a means of reviewing both the gaps in security and the ways in which they need to be addressed.


White hat hackers will often hold industry accreditations – for example, the Certified Ethical Hacker (CEH) cer- tification offered by the EC-Council, or Offensive Security Certified Professional (OSCP) certification. These courses look at cyber-security in relation to hacking and how security professionals can use this mind-set to understand the weak- nesses within organisations. The OSCP requires students to demonstrate practi- cal penetration-testing skills by getting them to successfully break into working machines in a controlled lab environ- ment. When undertaking the CEH course, students learn about the typical ways to exploit weaknesses, the vulner- abilities and their countermeasures, as well as how to master penetration test- ing, social engineering and footprint- ing. On top of the CEH accreditation, the EC-Council also offers certifica- tions, including Computer Hacking Forensic Investigator (CHFI), Certified Security Analyst (ECSA) and Licensed Penetration Tester (LPT).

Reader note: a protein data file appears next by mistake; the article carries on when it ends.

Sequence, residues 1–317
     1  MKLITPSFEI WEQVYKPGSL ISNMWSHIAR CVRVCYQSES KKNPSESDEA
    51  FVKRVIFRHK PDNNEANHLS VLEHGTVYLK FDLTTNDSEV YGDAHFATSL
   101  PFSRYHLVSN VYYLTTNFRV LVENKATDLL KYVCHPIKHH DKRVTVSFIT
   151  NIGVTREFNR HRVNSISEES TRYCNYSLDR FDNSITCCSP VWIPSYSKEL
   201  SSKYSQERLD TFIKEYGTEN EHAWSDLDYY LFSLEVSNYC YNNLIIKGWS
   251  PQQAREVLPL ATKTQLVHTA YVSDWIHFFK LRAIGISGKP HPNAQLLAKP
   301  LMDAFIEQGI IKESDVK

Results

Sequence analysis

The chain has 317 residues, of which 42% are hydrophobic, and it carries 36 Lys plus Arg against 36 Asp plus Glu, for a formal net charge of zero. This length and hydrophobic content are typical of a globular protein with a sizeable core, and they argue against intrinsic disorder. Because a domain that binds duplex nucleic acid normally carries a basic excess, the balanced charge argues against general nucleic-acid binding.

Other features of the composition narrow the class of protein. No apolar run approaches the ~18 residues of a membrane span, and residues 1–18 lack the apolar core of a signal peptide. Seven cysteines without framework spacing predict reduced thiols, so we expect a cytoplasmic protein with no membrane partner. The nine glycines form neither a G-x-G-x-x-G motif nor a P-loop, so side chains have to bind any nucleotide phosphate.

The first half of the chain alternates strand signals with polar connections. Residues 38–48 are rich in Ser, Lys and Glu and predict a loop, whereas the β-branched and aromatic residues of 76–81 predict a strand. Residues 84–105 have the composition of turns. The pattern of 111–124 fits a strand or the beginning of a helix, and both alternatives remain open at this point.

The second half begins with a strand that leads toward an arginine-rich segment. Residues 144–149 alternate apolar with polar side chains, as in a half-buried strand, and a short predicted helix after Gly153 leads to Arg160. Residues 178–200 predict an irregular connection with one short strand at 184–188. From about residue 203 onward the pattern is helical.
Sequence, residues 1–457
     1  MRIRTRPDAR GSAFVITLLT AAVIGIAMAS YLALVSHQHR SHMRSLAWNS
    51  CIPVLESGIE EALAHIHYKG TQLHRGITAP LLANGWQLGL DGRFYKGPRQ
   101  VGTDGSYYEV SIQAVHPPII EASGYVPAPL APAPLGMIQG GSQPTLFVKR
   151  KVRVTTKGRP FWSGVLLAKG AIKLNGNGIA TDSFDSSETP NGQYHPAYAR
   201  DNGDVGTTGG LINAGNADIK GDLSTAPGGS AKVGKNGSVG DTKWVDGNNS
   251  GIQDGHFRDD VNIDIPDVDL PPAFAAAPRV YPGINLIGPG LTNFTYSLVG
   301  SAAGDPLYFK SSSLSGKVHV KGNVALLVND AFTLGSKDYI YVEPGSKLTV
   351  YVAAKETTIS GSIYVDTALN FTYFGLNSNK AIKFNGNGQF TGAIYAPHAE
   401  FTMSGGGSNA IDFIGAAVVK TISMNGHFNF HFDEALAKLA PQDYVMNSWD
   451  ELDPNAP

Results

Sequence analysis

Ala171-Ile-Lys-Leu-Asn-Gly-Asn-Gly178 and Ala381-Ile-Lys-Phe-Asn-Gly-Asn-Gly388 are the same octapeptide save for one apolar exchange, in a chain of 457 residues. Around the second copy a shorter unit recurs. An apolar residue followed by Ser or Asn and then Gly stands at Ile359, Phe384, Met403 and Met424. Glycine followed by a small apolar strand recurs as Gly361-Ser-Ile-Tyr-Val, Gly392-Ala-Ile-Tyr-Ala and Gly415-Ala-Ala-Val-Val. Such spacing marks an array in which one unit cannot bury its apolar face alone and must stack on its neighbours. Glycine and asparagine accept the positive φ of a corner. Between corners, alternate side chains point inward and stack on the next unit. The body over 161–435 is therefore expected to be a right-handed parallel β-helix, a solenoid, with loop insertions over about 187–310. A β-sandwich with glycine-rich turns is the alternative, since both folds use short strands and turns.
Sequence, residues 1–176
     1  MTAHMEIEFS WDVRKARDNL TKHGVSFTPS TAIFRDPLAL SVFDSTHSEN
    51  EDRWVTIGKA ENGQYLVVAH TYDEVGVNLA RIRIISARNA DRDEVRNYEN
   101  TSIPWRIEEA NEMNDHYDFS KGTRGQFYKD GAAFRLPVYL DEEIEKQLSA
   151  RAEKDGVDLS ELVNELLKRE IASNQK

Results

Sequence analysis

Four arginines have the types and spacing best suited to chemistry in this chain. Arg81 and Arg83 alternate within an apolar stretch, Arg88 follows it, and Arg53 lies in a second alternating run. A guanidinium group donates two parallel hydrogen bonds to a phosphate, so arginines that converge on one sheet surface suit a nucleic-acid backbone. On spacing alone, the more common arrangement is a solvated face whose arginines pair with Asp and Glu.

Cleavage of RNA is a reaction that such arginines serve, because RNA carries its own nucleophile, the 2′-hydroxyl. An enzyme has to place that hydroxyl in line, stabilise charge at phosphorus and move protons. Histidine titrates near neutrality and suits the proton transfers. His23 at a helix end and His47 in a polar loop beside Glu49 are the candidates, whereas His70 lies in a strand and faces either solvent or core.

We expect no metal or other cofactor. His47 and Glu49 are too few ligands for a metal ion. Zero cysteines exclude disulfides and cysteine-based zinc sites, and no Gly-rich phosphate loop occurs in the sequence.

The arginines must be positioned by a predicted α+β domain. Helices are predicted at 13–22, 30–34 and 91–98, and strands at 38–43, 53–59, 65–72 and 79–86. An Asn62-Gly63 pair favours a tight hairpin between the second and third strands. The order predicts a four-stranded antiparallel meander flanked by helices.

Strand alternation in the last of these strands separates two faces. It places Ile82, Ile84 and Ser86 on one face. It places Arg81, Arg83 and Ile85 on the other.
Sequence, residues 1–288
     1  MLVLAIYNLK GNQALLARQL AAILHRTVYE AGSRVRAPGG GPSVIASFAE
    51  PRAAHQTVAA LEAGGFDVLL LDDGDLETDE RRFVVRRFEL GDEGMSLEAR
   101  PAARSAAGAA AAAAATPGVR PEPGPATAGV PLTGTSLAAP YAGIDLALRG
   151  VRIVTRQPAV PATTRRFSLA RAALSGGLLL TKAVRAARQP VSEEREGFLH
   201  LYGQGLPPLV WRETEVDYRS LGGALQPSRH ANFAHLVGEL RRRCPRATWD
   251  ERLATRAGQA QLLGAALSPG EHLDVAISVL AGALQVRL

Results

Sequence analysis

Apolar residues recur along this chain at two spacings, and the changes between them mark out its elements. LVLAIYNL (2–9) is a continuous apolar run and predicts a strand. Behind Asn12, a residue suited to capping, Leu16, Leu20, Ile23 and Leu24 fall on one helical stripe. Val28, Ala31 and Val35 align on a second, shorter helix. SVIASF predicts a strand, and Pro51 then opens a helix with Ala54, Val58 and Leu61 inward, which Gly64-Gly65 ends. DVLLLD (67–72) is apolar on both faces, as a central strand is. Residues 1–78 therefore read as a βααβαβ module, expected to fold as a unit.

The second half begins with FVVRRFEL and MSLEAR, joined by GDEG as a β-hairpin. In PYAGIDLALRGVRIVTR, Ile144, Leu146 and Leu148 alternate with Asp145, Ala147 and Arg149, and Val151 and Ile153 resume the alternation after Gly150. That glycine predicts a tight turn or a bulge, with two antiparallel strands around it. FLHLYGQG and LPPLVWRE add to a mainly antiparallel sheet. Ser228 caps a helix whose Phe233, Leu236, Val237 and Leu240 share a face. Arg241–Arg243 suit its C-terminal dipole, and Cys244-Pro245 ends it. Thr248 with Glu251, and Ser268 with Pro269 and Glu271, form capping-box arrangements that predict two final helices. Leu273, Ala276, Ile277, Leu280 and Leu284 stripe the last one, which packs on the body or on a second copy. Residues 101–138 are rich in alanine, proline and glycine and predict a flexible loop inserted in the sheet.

targets through illegal online activities.  It is the difference in motivation that truly sets them apart. Black hat hackers can be broken down into a number of categories – cyber-criminals, cyber-spies, hacktivists and cyber-terrorists – and are driven by varying motivations including bragging rights, money, revenge, valu-

able data, media attention or even just for their own amusement. White hat hack- ers are also tasked with monitoring the activity of black hat hackers and tackling the commoditisation of security vulner- abilities. This entails keeping an eye out for the latest scripts that are being created and sold on the dark web. These scripts are bought, sold and exchanged by ‘script kiddies’, who use the code to break into the information systems of organisations.

Between the white and black hat hackers lies a third colour category – grey hat. These can often be the most dangerous, especially when it comes to trying to recruit ethical hackers to join an organisation’s security team. This is because some ‘grey hats’ are classified as black hat hackers, masquerading as white hat hackers. As such, companies look- ing to hire a white hat hacker should treat any above-average or stand-out job application with suspicion, and be on  the lookout for red flags to indicate the person is acting with malicious intent.  In some cases, job applications are from black hat hackers who have realised a company is vulnerable, and are looking for the opportunity to gain access to the